Constable's atmospheric depictions of the natural scene, rendered in loose, unconventional brushwork, excited Delacroix and Géricault, and later influenced the masters of Barbizon and even the Impressionists.
Catalogue numbers: F 430, JH 1520.
This painting of a flowering garden is a chaotic confusion of shapes and colours, full of vitality - a luxuriant scene of growth, more a jungle than a garden. There is a sheer and basic vitality in the growth in the garden, it seems unbounded, forceful, like van Gogh's own vigour. He made a graphic version (F 1456) of this subject, too.
This boy is the embodiment of the aesthetic paradox that the ugly can be portrayed in a beautiful way. The humanist Giovio admired the figure for the way in which the physical movement and the fixed stare show the exact physical and mental state of the sick child.
The portrait is inscribed `1497 Albrecht Dürer the Elder at age 70'. Dürer's father appears considerably older than in the portrait of seven years earlier. His lips are thinner, his face more heavily lined with wrinkles and his narrow eyes have a wearier appearance. Yet Albrecht the Elder has retained his wisdom and dignity. After his death, Dürer wrote that his father `passed his life in great toil and stern, hard labour...He underwent manifold afflictions, trials and adversities.' Albrecht the Elder died five years after this portrait was painted, at the age of 75.
The condition of this painting is poor, particularly in the background and the cloak, and in the past many scholars believed that it was a copy of a lost original. However, since it was cleaned in 1955, there has been more support for the view that this is indeed the original. Fortunately the face is the part of the picture which remains in the best condition.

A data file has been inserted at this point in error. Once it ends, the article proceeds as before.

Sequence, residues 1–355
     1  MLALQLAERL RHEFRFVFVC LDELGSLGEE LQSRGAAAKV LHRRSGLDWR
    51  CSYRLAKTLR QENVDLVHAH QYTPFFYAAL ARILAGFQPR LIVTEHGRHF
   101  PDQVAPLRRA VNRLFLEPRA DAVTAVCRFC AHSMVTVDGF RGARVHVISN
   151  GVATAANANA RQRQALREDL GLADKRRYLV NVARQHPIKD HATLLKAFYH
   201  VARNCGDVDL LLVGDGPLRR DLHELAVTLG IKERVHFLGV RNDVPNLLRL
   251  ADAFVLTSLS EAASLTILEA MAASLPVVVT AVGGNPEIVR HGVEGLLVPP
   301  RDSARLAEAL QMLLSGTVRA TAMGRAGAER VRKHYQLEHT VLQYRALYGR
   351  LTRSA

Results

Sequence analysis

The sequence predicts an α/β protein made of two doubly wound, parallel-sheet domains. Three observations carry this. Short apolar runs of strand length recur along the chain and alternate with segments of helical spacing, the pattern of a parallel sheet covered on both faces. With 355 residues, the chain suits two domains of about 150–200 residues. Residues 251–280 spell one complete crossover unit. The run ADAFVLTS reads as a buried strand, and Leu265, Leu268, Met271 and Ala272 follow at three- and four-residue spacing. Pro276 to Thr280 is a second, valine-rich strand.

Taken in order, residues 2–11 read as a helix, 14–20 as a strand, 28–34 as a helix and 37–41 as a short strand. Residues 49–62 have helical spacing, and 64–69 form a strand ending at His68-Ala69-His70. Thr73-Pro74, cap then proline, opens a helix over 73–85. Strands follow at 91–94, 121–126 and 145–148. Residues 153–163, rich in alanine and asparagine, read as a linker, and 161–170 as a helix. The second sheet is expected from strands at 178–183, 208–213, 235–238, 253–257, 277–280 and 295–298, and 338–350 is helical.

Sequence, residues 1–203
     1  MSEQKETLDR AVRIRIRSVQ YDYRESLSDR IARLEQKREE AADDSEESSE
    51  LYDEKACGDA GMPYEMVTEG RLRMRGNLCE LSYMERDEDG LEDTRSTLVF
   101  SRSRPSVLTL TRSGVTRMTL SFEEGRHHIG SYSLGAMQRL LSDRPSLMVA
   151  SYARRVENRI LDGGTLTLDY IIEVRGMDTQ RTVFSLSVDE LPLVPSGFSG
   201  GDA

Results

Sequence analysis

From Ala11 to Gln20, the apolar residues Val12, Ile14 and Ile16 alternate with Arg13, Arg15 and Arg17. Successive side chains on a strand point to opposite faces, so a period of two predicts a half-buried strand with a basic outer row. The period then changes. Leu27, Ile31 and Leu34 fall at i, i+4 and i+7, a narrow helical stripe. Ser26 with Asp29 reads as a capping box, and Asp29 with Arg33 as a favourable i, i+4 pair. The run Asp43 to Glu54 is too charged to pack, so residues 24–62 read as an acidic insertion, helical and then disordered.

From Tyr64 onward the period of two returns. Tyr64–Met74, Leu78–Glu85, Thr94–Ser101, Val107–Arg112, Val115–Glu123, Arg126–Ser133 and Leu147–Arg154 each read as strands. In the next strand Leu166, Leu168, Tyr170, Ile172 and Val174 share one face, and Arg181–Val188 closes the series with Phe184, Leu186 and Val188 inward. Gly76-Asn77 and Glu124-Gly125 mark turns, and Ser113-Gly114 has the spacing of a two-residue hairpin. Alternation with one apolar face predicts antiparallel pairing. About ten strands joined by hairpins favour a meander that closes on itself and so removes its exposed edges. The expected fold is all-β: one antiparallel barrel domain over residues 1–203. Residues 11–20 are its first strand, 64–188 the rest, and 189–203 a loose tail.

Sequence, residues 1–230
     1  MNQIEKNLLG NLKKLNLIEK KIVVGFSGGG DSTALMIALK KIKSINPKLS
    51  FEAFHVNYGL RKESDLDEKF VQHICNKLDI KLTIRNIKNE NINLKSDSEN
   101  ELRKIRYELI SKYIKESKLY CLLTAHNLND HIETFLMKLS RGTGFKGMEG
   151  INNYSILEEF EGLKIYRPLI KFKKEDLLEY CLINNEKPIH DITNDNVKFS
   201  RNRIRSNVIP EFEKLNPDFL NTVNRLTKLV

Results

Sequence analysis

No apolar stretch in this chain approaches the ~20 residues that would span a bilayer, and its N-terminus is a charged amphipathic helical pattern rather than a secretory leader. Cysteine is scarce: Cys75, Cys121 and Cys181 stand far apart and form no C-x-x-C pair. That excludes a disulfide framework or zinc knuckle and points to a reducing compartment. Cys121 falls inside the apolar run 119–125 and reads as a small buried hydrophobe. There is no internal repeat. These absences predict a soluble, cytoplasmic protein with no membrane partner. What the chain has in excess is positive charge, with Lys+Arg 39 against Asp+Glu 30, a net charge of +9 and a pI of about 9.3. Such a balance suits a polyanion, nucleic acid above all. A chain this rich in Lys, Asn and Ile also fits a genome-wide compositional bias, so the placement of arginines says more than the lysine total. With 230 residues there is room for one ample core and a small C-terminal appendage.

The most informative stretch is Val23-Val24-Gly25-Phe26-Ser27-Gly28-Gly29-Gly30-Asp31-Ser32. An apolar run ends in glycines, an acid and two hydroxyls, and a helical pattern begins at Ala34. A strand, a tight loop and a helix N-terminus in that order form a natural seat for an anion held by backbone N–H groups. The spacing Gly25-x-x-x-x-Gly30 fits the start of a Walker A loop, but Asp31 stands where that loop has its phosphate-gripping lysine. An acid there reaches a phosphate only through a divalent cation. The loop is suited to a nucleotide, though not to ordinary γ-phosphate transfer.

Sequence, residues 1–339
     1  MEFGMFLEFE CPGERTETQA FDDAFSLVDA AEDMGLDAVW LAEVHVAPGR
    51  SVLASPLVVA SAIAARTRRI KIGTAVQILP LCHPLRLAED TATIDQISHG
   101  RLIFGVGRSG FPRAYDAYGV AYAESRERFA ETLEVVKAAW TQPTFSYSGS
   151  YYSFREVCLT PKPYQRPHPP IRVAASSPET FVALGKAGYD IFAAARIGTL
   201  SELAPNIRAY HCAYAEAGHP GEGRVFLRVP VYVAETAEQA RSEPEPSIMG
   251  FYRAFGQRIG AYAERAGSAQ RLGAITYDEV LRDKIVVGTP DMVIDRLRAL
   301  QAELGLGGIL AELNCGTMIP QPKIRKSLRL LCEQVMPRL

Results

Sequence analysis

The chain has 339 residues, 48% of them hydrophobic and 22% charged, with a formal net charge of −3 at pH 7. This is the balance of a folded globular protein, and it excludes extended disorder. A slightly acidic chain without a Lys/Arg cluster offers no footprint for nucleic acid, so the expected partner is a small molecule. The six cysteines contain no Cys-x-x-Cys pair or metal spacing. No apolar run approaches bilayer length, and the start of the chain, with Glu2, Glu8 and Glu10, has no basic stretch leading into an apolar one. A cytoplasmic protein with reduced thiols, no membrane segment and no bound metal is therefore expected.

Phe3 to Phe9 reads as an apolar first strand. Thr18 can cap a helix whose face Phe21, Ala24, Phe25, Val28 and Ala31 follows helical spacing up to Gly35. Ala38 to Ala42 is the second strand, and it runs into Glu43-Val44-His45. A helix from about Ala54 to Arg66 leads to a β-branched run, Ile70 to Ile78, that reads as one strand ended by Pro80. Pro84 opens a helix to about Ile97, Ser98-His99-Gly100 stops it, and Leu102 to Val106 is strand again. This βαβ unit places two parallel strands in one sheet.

This portrait may originally have been displayed with Dürer's self-portrait of the following year, either hung in the same room in the family home or even linked as a diptych. Although Dürer and his father are wearing very different clothing and the backgrounds do not match, the two portraits are almost the same size and the half length poses are similar. The pictures were apparently kept together as a pair, since they were presented by the city of Nuremberg to the Earl of Arundel in 1636 as a gift for Charles I of England. Both paintings were sold in 1650 by Cromwell. The portrait of Albrecht Dürer the Elder stayed in Britain and was eventually bought by the National Gallery in 1904.
Degas produced many portraits between 1865 and 1870, too, the major ones of which were Thérèse de Gas, Double Portrait, The Collector, Madame Hertel, Duke and Duchess of Morbilli, Jacques Joseph (James) Tissot, Mademoiselle Dihau at the Piano, Madame Camus at the Piano, Portrait of Hortense Valpinçon as a Child.
Conventional as they may be, these portraits highlight both what is characteristic and what is casual in the personality and deportment of the sitter.
The picture shows a detail of the central panel.
St Anthony's gesture is echoed by Christ half-hidden in the depths of the tomb, which Anthony has converted into a chapel. The right wall of the sanctuary ends in a decaying tower covered with monochrome scenes. Two of them, the Adoration of the Golden Calf and a group of men making offerings to an enthroned ape, are images of idolatry, while the third, the Israelites returning from Canaan with a bunch of grapes, prefigures Christ carrying the Cross on the outer wings of the triptych.